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Children's Mental Health Needs

2007 Progress Summary

Head Start programs across Minnesota are developing their capacity and skills to identify and address mental health concerns in the early childhood period thanks to grant support from the Bush Foundation, Medica Foundation and the State Head Start Collaboration Office, Minnesota Department of Education. Since 2004, the Minnesota Head Start Community has dedicated time and resources to a Statewide Action Plan focused on improving quality screening and education, professional development and mental health consultation and services within Head Start. We are pleased to share highlights of Head Start's progress toward its goal to help all families meet their children's mental health needs.

A complete report authored by Dr. Terrie Rose,Ph.D on Minnesota Head Start's Mental Health Services is available here (pdf).

Quality Screening And Education

  • In 2004, only 2 of Minnesota's 35 Head Start programs reported using a separate standardized social/emotional screening tool. In 2007, all Minnesota programs have been trained to administer the ASQ:SE (Ages and Stages Questionnaire: Social-Emotional) and all but one program has completed mental health screening on children enrolled in the 06/07 school year.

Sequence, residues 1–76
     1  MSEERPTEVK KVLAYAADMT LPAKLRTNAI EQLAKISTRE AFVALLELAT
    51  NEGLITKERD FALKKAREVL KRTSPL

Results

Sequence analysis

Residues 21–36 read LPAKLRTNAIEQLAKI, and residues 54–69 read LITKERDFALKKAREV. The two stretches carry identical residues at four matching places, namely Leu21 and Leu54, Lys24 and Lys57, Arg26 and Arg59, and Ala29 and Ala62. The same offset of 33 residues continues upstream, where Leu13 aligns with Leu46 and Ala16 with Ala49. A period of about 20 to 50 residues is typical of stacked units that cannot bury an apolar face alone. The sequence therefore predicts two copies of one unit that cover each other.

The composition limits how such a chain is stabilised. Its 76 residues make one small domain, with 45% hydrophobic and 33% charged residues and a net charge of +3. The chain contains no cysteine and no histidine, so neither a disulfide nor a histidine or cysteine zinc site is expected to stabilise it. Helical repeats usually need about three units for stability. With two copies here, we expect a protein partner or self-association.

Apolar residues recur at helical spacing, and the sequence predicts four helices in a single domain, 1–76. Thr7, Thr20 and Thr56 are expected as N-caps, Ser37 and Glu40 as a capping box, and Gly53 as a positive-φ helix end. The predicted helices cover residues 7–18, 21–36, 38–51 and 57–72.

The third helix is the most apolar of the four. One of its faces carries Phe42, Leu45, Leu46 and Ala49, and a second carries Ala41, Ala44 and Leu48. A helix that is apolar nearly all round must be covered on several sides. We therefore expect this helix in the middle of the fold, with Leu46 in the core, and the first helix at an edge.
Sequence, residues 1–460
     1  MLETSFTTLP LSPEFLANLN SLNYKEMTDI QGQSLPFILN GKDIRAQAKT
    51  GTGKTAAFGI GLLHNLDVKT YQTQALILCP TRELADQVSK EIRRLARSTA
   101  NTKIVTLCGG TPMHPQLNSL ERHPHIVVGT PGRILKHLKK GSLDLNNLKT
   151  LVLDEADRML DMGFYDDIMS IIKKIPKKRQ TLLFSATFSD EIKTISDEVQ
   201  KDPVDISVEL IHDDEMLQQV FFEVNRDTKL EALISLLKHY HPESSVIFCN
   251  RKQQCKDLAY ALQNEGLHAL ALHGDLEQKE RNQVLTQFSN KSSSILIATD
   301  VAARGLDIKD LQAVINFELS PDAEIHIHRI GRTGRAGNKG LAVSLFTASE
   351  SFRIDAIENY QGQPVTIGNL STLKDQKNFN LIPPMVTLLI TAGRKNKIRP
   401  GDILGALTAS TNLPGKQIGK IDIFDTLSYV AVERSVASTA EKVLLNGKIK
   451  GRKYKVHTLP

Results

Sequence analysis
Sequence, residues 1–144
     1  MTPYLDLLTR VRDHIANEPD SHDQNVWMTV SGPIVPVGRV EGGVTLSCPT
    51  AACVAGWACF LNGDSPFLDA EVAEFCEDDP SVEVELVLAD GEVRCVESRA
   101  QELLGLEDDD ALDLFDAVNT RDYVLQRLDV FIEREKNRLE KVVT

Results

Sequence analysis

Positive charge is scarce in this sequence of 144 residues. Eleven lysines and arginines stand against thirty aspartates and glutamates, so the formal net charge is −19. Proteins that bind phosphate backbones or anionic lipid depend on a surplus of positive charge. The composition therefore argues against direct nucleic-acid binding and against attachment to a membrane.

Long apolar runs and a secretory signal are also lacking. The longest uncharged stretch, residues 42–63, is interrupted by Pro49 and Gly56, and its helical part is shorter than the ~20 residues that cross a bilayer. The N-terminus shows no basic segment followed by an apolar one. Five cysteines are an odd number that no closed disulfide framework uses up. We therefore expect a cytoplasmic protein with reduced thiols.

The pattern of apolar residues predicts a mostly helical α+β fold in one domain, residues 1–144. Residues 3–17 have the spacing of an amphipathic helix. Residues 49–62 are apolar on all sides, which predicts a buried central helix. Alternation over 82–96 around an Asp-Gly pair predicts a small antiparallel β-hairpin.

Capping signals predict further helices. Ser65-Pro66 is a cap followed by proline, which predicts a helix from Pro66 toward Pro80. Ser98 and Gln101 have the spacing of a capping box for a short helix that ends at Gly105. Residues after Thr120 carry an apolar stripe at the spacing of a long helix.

• Broad use of the ASQ:SE within Head Start has helped parents understand their children's behavior and social-emotional needs as illustrated by stories from the field (see below).
  • Since 2004, the annual number of Head Start children that have been referred to a mental health professional for a diagnostic assessment has more than doubled (242 in '04 compared to 493 in '07).
  • This year, Head Start piloted a parent education approach that holds great promise and is available to all programs for the 2007/08 school year.
Professional Development
  • In 2006, 53% of Head Start teachers statewide participated in regional training around MACMH's Guide to Early Childhood Mental Health. Teachers request more training and support to understand children's social-emotional needs and new approaches around reflective supervision and practice.